Do Islanders like it, not know about it or just not care?


A nearly-nonexistent turnout at the Martha’s Vineyard Commission Thursday night for a public hearing on a new 12,200-square-foot solar canopy over the parking lot at Cronig’s Market in Vineyard Haven had some commissioners scratching their heads.


“There certainly doesn’t seem to be an outcry of public concern about this project, but I’m curious whether people are really paying a lot of attention,” said commissioner Linda Sibley.


Plans for the new $1.1 million, 210-kilowatt project were unveiled earlier in the week before the commission.


The applicants for the project are Cronig’s owner Steve Bernier, Vineyard Power director Richard Andre and South Mountain Co. president John Abrams.


The project will be built in two phases, with two solar canopies planned for above the Healthy Additions parking lot this spring, and another over the Cronig’s lot in the fall. Vineyard Power is leasing the land from Mr. Bernier to build the array, which will supply a quarter of the energy needs for the grocery store.


The commission has received no correspondence about the project, and at the hearing Thursday night only one person attended to speak about it. Mrs. Sibley did not disguise her surprise.


“I think they’re attractive but they’re definitely not something we’re used to here on the Island,” she said. “Given how intensely people reacted to the roundabout as being a foreign object in our midst, I don’t know.”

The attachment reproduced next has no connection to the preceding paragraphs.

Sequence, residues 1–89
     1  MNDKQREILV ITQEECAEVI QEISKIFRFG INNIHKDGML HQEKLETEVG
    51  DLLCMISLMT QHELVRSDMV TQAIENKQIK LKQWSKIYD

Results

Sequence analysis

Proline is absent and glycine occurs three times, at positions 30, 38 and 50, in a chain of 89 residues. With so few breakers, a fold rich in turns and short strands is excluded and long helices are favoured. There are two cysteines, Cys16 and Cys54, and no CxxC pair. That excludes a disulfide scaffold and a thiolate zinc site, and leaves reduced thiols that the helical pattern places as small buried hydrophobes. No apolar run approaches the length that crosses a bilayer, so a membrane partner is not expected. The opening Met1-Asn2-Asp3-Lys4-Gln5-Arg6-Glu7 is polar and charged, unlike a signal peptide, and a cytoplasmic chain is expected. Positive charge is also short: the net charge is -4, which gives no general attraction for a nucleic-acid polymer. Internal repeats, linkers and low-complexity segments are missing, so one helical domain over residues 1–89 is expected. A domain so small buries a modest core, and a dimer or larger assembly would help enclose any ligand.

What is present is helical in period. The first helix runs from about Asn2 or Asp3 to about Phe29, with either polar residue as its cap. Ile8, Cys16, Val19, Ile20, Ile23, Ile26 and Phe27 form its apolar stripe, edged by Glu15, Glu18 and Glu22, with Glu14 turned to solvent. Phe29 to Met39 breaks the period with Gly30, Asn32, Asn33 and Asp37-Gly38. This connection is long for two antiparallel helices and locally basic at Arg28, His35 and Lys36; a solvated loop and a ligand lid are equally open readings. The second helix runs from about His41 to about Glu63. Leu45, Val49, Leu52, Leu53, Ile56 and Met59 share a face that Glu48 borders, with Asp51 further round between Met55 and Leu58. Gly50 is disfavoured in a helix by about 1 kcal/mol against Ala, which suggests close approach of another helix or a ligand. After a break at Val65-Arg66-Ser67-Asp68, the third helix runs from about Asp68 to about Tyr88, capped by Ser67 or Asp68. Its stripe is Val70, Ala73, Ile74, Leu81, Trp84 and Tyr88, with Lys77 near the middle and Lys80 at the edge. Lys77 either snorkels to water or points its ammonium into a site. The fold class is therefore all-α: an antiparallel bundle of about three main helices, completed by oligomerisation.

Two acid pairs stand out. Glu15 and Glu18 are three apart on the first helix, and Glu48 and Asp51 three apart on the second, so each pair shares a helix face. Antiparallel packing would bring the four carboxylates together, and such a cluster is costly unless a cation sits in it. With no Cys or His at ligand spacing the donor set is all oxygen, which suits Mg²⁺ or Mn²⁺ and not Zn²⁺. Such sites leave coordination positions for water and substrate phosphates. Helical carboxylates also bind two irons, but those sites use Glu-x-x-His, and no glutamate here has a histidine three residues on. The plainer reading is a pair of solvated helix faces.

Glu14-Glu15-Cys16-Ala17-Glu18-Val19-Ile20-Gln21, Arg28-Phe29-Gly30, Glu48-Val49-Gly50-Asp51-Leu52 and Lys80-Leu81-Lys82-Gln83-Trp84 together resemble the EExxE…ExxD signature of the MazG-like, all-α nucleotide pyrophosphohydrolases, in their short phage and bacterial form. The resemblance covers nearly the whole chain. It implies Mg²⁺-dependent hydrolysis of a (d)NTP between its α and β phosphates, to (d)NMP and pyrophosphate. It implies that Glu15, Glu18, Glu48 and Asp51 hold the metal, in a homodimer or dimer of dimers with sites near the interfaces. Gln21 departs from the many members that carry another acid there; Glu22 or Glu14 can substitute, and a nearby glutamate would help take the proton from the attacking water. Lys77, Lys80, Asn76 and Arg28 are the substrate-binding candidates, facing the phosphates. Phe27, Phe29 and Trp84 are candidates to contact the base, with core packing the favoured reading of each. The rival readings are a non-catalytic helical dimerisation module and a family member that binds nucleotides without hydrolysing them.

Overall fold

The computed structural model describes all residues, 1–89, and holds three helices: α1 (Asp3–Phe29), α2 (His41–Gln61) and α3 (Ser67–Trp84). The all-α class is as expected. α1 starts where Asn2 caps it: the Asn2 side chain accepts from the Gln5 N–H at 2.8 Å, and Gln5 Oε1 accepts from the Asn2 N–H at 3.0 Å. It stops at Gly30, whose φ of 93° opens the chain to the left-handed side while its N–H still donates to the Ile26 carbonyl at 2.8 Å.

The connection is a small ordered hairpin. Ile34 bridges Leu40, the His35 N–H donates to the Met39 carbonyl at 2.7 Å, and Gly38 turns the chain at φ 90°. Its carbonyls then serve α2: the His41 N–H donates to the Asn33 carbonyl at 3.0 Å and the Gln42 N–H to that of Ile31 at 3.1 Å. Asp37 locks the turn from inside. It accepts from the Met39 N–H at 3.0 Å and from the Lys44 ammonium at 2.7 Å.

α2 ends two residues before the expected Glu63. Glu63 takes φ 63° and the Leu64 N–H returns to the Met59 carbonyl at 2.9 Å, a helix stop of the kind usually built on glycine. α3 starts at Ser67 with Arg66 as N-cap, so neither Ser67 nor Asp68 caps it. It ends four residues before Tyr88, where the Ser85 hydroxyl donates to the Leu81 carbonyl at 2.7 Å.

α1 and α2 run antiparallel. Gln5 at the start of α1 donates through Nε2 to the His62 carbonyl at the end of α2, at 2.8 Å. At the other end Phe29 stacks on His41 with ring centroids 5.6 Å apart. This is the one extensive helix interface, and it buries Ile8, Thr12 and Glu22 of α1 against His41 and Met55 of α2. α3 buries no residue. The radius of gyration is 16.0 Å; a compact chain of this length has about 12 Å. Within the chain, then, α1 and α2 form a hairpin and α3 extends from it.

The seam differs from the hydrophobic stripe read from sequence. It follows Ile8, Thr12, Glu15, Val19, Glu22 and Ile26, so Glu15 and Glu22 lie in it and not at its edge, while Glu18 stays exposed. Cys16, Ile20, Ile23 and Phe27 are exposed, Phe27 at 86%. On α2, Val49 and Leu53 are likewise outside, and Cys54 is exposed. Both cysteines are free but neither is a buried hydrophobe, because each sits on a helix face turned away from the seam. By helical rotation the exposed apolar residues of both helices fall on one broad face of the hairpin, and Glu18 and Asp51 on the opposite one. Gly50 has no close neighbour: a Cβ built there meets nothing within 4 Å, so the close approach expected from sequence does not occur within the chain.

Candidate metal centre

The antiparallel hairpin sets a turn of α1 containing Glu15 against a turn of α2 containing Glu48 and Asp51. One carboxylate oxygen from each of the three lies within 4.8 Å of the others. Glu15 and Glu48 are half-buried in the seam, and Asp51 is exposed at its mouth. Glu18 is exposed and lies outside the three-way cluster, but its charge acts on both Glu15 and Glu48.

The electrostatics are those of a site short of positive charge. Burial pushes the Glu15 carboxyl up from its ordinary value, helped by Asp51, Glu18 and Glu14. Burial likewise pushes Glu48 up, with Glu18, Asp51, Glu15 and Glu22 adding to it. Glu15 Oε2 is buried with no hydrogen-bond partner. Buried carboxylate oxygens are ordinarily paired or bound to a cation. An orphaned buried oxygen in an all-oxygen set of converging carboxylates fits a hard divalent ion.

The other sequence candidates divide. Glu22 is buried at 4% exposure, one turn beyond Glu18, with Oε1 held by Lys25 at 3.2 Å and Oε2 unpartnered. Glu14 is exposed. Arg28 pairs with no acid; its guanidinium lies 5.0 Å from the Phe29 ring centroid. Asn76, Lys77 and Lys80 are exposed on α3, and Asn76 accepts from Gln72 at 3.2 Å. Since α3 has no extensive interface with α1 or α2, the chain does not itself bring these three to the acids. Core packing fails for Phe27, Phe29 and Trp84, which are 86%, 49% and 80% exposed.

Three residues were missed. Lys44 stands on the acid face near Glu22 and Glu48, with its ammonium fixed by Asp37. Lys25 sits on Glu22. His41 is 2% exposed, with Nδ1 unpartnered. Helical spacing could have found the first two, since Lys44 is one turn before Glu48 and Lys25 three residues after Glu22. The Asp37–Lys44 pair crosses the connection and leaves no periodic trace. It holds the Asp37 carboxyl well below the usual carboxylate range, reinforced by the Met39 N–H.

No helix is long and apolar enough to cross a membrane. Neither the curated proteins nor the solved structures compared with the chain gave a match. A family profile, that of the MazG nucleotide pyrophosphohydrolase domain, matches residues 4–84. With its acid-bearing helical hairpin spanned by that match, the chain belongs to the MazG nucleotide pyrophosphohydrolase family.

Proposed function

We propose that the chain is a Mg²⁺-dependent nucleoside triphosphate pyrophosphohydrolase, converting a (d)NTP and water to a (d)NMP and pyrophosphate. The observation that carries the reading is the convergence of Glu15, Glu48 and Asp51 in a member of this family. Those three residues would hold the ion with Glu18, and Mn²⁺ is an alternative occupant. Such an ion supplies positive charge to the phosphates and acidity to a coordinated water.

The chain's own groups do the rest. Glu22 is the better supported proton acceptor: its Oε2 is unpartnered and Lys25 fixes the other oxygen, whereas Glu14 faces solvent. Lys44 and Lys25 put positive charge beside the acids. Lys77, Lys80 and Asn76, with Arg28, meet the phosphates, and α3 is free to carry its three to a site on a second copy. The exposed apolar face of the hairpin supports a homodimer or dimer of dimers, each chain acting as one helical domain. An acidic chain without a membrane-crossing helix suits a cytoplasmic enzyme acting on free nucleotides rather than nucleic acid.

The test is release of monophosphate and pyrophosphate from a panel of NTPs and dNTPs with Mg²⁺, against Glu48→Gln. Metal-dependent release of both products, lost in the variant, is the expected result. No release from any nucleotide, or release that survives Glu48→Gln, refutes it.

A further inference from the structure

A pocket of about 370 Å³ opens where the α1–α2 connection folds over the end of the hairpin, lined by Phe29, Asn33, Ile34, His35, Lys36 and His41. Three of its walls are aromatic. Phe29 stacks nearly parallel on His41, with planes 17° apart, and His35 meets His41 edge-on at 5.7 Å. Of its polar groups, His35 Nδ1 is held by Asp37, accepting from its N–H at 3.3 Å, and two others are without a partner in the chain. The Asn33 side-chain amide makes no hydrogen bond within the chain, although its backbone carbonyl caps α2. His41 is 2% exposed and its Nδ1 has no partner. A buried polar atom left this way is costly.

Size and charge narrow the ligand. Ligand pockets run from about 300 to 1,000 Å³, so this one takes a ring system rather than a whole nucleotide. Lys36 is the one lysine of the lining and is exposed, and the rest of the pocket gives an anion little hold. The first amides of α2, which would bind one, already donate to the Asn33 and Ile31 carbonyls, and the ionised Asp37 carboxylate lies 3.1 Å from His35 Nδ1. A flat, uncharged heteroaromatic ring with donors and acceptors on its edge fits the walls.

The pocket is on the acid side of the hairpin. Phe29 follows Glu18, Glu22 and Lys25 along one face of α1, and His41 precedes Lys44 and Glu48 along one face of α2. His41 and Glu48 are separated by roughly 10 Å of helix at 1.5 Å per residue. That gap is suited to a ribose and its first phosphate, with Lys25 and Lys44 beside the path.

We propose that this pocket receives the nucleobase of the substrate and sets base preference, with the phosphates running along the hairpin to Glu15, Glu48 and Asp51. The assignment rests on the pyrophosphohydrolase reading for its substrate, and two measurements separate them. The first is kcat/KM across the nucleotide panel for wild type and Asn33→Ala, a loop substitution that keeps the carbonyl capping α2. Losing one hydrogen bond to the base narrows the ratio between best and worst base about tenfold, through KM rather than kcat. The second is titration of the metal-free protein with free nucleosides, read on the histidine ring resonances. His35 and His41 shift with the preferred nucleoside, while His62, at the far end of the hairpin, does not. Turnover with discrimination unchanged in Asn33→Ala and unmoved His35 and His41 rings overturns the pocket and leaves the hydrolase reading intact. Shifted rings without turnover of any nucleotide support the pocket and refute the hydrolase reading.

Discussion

Bill Straw of West Tisbury, the lone person to comment from the public, suggested the look of the solar canopy was better suited to Fort Lauderdale, Fla.


But commissioner Bill Bennett dismissed any concerns that the public may have been uninformed about the project.


“It seems to me that we abided by all the public notice meeting laws and there was a big article in the paper, so if people were really opposed to this thing they would have come tonight,” he said.


“This has been publicized and to wait around for opposition? To me that seems a little rough,” said Mr. Abrams. “We need to be ripping up pavement very soon.”


Mr. Bernier said he thought the small turnout was an indication of community support.


“I’ve had over 100 people stop me and thank us for doing something about this and getting the ball moving forward,” he said. “Yes, it looks different but we need these in our future and we need to get going on our fossil fuel dependency issues and this is a wonderful step in that direction.”


The commission closed the public hearing, but will keep the written record open until noon on Monday; public comment may be sent until then. On Monday night the commission’s land use planning subcommittee will meet to discuss the project. The full commission is expected to vote on the plan next Thursday.